So going forward the Tories will continue to follow the Mails advice, any failures will be the fault of the young and feckless, the EU, the liberal elite, the immigrant, with a hope there will always be enough voters to keep them in power. This drip, drip of poison is all they have left, they can give a few vague promises of better days but that is not their core call to vote for them, tis vote for us or the others will take everything from you; it is an appeal to fear, which may work but a a high cost to all of us all.

  • So what should the Lib Dems do. Well firstly avoid reasonableness, because being reasonable with people who are not, only ever leads to you giving ground while they give none and demand more. Secondly connect with the concerns of the man on the street and all they want is for life to get better. If life gets better the clash of ages dies away. As everyone’s live improves, you don’t feel envious of other people (well not as envious) and you certainly don’t feel envy of the old (and many young people currently do). Finally a warning,if peoples well being doesn’t improve, bad things happen and no amount of screaming “Play nice” will change that.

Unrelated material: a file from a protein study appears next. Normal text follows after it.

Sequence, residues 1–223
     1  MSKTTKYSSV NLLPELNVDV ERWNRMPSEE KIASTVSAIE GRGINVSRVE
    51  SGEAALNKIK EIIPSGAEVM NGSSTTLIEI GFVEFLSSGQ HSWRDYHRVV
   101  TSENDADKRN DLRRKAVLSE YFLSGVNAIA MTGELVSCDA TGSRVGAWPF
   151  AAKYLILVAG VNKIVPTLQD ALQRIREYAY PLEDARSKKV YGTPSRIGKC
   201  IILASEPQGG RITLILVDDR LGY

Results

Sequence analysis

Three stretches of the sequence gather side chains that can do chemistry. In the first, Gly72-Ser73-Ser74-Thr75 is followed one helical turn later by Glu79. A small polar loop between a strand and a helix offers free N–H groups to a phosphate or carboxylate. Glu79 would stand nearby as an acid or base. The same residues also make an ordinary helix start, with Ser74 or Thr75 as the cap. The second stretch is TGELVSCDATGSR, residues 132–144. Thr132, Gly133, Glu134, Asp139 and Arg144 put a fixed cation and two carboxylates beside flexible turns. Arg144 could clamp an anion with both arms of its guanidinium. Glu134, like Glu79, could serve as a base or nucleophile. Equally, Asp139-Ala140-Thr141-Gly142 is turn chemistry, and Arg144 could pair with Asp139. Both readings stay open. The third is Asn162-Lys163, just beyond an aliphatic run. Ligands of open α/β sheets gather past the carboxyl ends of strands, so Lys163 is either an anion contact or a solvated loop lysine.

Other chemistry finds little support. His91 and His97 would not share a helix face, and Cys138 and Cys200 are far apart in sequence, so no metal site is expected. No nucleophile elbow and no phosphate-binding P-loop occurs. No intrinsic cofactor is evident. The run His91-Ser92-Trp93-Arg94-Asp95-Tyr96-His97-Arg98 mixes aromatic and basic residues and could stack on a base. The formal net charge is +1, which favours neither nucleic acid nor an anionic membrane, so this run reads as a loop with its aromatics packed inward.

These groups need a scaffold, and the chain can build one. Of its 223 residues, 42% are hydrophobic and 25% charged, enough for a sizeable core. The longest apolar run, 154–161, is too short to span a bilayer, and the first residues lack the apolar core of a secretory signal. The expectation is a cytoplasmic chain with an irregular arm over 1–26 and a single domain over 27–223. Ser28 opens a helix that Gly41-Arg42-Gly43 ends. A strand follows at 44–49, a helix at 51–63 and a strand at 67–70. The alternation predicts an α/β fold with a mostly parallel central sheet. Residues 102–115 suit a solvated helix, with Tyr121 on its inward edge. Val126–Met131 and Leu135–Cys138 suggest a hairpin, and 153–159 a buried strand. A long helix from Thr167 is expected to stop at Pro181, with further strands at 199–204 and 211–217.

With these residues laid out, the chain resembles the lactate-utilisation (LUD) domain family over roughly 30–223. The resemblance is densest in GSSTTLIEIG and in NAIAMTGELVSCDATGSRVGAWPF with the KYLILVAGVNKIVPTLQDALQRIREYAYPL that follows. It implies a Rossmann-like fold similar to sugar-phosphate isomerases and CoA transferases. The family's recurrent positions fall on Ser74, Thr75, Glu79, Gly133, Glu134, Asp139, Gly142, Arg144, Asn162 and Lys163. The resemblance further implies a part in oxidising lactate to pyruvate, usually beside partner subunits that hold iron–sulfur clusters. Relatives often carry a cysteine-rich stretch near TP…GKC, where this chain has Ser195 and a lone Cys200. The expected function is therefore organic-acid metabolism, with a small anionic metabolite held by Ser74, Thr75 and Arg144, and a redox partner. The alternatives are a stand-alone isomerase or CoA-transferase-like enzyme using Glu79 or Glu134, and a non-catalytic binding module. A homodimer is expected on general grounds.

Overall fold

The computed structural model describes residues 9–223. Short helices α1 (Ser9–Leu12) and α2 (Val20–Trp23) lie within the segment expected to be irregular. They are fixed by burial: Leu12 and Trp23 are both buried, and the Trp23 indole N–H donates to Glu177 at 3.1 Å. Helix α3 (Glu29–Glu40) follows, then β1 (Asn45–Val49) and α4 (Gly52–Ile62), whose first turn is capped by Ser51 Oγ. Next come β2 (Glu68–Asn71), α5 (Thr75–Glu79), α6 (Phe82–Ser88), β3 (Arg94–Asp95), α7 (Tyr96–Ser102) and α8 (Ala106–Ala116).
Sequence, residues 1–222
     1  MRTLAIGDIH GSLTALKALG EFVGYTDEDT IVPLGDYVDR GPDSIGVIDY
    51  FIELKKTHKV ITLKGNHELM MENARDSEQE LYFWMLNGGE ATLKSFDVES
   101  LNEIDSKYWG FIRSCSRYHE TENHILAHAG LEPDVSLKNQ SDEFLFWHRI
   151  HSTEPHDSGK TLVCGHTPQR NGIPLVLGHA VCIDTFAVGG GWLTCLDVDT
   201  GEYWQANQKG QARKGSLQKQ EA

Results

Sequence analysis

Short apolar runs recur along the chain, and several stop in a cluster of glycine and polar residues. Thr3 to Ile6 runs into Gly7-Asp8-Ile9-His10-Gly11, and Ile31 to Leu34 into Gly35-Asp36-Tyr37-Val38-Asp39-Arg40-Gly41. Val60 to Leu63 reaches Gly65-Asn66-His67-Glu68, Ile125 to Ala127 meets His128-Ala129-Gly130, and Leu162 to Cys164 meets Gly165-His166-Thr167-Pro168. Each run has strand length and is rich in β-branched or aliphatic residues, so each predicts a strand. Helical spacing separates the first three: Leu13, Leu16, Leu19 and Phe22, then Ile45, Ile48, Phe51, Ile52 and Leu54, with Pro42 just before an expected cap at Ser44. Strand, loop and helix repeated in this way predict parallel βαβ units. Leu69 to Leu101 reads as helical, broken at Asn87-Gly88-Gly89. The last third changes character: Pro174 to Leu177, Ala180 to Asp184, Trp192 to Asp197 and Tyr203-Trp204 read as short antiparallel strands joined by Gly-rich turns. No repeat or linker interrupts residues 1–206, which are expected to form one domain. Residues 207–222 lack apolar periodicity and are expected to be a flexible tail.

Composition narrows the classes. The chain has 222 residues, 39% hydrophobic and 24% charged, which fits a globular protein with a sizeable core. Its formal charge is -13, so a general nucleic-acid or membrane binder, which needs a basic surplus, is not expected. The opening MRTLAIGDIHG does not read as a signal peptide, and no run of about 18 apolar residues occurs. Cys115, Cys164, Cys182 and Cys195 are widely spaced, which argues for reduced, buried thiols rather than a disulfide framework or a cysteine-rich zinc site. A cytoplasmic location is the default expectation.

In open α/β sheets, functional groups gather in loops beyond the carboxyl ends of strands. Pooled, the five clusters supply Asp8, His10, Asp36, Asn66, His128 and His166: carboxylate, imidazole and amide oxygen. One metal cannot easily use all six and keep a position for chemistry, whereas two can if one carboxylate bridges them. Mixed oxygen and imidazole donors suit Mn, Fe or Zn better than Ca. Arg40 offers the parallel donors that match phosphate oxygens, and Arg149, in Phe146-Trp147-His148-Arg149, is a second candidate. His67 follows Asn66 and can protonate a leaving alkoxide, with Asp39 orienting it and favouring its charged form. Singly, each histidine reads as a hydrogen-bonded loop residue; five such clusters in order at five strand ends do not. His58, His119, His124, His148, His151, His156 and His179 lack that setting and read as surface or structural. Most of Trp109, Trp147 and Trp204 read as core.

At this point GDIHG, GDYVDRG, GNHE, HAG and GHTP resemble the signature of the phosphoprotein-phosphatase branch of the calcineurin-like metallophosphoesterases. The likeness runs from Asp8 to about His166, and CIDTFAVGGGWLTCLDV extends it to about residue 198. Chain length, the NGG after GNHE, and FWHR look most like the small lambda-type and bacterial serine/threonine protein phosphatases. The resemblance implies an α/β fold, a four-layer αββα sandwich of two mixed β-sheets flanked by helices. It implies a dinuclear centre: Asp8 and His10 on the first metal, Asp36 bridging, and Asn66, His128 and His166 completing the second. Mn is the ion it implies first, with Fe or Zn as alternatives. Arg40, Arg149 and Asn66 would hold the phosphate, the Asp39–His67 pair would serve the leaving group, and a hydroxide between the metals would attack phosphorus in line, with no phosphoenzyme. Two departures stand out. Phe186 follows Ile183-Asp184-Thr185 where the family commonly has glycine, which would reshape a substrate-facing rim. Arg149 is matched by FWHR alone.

• And Glenn if you are wrong and bad things happen and the Brexit moves onto the next stage which will take years. will you say I was wrong or will you grasp onto another straw. I expect to see a reinvented Glenn come Brexit day, still desperately trying to prove Brexit is a good idea, because the alternative is unthinkable. Why even after two and a half years of political parallelise you can still see no downside to Brexit. Bad times are coming Glenn the world loves a scape goat and I can’t help but think Brexit will make one hell of a one.